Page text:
I almost shut down Formstack.

In January 2006, I quit my job a couple weeks before our first child was born. My wife had also quit her job to take care of our child full-time. We had some savings built up, but it was only going to last a few months without any outside income.

I launched Formstack at the end of February after a month of nonstop work. I was proud of the one-of-a-kind product I’d built, certain that it’d take off and be a runaway success.

Shortly after launching I learned of a similar product that’d been on the market for a few months. And then two others that launched within a couple weeks of me. I was gutted.

I had my first paying customer not long after launching, but by the end of March I was only making $75.

In April I made $72.50. Churn sucks.

As my personal expenses grew (diapers aren’t cheap), I scraped together consulting income to pay the bills. And as I found more clients, it became harder and harder to devote time to work on Formstack. I could bill $100/hour for consulting work, so why would I spend that time working on a new Formstack feature with no guarantee of future payback?

By the end of the year Formstack had grown, but was only making about $1k/month. I was getting burnt out, money was tight, and the numbers weren’t working. It made sense for me to shut it down to focus on consulting. I struggled with the decision for several weeks, and came close to pulling the plug.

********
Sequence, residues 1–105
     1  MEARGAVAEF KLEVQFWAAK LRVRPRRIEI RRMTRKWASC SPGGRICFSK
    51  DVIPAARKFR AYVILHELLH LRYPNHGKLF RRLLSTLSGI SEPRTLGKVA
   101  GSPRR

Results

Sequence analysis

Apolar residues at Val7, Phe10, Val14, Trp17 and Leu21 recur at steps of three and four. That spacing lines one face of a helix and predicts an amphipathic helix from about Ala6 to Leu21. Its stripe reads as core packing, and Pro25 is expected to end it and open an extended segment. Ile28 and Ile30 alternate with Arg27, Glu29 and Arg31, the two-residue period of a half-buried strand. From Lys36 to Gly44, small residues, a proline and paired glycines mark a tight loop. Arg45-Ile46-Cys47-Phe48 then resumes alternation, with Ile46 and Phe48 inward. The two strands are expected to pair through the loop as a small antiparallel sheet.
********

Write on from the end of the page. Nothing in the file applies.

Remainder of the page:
I can’t remember exactly why I stuck with it. I know I still believed in the vision and was proud of the product. And I didn’t love consulting. It was a means toward an end — my dream to build a product company. But maybe more than anything, my stubbornness was why I didn’t shut it down.

Whatever the reason, I’m glad I didn’t give up.

With a lot of hard work, it grew 10x in 2007. And six months later I was able to stop consulting and focus on the business full-time.

Fast forward a decade, and Formstack will end this year with over 25,000 paying customers, 200 employees, and tens of millions of dollars of revenue.

Success wasn’t a straight line. There have been countless hurdles and potholes along this journey. And many more to come.

But I’ve never been luckier to be so stubborn.

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